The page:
hate to say it, but this looks suspiciously like an us/them dichotomy. given the choice, who would really want to be "sickly, weakly, timid"?Eyler
Yes, I think you're right. I'm not sure Jefferson was 100% serious. But we know that if the Tories were describing it, they would call themselves mature, solid, and careful, and the Whigs, frivolous, rushing in like fools, change for change's sake, etc. Everyone tends to describe their opposition in terms flattering to themselves.John
based on this classification, i would prefer that everyone were a whig or progressive. you could have a range, but all candidates should be at the least responsive to their constituents, defenders of our basic rights, and progressive in outlook (i.e., optimistic, believe that things can be changed for the better), and open-minded. of course, some could be more culturally traditional, some could be civil libertarians; some could support a limited government role in the economic sphere, some could support redistribution programs; but all should be looking out for the interests of the people, and not themselves or industry or minority special interests (they should, of course, support the rights of minority groups, but should not attempt to enforce minority opinions on the majority).Eyler
I think that was Jefferson's view also, because he considered the whole nation as "substantially republican."
Jefferson considered this basic division to be entirely natural, and something that should be embraced, not condemned.
"The common division of Whig and Tory... is the most salutary of all divisions and ought, therefore, to be fostered instead of being amalgamated; for take away this, and some more dangerous principle of division will take its place." --Thomas Jefferson to William Short, 1825. ME 16:96
Such a more dangerous principle of division is inevitably a more ideological division -- one based on abstract political principles, not on an appeal to a sovereign people.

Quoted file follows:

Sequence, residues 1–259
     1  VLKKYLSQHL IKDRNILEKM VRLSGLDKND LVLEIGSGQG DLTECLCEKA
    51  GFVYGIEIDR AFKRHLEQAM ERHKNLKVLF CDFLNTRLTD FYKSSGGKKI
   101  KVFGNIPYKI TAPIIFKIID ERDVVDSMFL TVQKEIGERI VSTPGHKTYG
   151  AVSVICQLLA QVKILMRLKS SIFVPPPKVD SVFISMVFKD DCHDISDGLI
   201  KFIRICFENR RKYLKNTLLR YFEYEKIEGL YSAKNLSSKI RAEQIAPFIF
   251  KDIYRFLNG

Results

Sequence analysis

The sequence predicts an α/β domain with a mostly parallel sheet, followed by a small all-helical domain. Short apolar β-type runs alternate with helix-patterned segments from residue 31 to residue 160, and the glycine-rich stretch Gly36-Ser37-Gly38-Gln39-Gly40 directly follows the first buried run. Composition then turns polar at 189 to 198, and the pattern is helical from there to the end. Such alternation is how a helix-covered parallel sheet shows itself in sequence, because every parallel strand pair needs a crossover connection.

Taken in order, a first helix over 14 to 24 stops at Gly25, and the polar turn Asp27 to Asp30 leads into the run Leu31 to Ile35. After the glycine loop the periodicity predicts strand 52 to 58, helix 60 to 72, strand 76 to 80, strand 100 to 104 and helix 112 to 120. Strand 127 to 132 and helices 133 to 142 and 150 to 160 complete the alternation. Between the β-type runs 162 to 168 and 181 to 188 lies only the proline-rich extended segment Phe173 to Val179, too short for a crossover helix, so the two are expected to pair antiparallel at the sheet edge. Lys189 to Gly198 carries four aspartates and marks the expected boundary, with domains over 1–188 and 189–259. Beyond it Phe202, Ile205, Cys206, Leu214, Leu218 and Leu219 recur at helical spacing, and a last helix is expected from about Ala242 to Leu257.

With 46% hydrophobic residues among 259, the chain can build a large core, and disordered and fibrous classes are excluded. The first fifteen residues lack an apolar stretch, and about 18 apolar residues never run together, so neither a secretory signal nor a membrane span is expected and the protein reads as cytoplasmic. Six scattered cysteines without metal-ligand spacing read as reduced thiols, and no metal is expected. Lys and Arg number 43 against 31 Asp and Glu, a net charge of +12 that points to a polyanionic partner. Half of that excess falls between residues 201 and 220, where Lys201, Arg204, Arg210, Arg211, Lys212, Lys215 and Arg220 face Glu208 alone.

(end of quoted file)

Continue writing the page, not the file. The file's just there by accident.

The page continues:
this makes sense. but i still prefer my "range of progressives" idea. of course, today you have very few true "conservatives". those who call themselves conservatives really combine elements of classical liberalism with cultural traditionalism (parochialism?). most true conservatives are actually known as liberals (e.g., john miller and neil postman); but what they want to "conserve" is culture in the face of the homogenizing effects of industrial capitalism. so modern "conservatives" are actually proponents of the progressive growth of urban-industrialism. i consider myself close to the cultural conservatives; i prefer classic art, music and literature to this mass-produced junk (except the simpsons, which provides delightful social commentary) you see today. and what is it that allows this mass-produced junk to survive? it is capitalism, in the form i outlined above. bombarded with advertisements, we are convinced that we need to buy this cd, that we need to read this author, that we need to watch this television program; it's a pretty blatant appeal to the herd mentality in all of us, really. simply show how the majority of people (why do you think we are so impressed with those "4 out of 5" commercials?) supposedly think and feel, and we get the sense that perhaps we should think and feel that way, too. it's pretty impressive, really. of course, most people don't have the time or desire to reflect on the situation, so it goes on pretty much unabated.Eyler